Sacramento County health officials pay close attention to ICU bed availability as virus numbers trend upward

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SACRAMENTO COUNTY, Calif. (KTXL) — State health officials are keeping a close eye on Sacramento County, where the number of COVID-19 cases continues to rise.

Of particular concern is the county’s ability to handle intensive care patients who have contracted the virus.

No one wants a repeat of what happened at hospitals in national hotspots this spring, something Sacramento area hospitals dodged with early lockdown orders. But in recent days, the number of emergency room visits by people with COVID-19 symptoms is going up.

Sacramento County’s just-released numbers show an overall rising trend that saw a drop in the last few days. 

“We are optimistic that we have been able to turn things around but we are definitely continuing to see what’s going to happen over the next week or so,” said Sacramento County Public Health Officer Dr. Olivia Kasirye.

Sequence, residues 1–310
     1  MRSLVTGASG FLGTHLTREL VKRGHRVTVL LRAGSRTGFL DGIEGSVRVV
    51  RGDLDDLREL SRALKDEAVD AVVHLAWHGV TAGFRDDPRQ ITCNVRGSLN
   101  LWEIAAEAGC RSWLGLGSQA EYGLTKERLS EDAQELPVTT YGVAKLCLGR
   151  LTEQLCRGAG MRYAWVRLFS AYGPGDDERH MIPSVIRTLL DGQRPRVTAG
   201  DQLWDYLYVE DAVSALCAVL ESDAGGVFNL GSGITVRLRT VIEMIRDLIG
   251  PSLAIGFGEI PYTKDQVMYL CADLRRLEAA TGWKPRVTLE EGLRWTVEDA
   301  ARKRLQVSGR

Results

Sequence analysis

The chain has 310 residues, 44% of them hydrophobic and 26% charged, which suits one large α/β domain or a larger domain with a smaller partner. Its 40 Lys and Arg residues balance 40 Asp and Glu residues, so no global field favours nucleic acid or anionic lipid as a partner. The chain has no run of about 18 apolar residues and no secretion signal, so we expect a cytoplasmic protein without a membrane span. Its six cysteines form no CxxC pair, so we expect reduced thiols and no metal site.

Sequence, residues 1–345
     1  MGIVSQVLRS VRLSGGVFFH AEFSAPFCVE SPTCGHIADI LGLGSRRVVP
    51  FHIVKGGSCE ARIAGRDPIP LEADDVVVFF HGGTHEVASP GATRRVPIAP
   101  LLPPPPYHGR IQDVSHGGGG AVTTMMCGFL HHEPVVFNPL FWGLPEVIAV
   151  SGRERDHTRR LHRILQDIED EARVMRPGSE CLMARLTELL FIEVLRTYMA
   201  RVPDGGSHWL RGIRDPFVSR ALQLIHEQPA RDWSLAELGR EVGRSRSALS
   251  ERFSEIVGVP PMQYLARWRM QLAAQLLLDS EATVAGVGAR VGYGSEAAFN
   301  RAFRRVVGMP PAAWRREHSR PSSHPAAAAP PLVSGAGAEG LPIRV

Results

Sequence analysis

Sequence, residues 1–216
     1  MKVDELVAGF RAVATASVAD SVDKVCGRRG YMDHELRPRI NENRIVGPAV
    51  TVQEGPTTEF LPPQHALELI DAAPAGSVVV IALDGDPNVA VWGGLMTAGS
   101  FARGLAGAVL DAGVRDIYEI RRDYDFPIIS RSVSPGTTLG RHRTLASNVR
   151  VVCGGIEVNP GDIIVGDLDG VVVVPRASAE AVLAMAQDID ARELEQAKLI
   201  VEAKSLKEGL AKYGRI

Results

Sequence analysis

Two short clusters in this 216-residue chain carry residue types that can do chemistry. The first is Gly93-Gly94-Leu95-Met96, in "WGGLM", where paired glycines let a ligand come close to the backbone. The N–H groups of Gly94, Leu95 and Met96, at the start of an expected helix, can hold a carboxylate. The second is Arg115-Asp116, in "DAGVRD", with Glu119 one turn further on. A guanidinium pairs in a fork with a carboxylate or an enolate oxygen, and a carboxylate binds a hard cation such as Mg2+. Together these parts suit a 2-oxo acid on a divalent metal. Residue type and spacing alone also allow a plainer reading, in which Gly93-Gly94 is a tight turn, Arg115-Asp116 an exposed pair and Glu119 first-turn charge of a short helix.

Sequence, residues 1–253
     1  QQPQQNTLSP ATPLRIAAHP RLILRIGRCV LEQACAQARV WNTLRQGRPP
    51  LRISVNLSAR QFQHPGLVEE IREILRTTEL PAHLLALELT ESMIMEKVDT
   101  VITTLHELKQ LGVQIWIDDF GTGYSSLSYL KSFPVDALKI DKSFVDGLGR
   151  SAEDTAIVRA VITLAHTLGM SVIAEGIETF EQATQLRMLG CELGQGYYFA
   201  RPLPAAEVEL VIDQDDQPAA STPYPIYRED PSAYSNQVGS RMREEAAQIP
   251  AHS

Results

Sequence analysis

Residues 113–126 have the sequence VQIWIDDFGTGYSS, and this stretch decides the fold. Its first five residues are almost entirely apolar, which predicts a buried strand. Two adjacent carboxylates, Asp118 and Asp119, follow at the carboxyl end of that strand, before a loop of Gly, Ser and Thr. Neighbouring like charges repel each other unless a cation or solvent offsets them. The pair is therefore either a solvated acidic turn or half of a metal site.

Still, the growing number of coronavirus-related hospitalizations is not good news, nor is the shrinking number of ICU beds available. As of Monday, 421 of the county’s 508 ICU beds were occupied. That’s around 17% away from full capacity.

The numbers are deceiving with regard to the virus. There are just 45 COVID-19 ICU patients. The vast majority are being used by patients with other critical ailments like heart attacks and accident injuries.

But a spike in patients in the county could eat up the remaining beds and endanger the lives of non-COVID-19 patients as well.

“We have been in conversation with hospitals and they do have a plan for surge and so they will utilize that if necessary,” Dr. Kasirye told FOX40.

By converting other hospital rooms and beds the county has a surge capacity of 657 additional beds and only 23% of available ventilators are being used.

Still, makeshift surge facilities and the staffing they will require are not the best option. 

Only now is testing revealing the effects of the Fourth of July weekend, when large group gatherings were common. Current numbers show the largest number infections came from the 20 to 29 age group.

Health officials said they are hopeful that people got their message of social distancing and masks but July Fourth test results are just coming in.

“Our hope is that it worked to the point where we’re not going to see any increase in cases as the result of the Fourth of July. But I think the jury is still out on that one,” Dr. Kasirye said.

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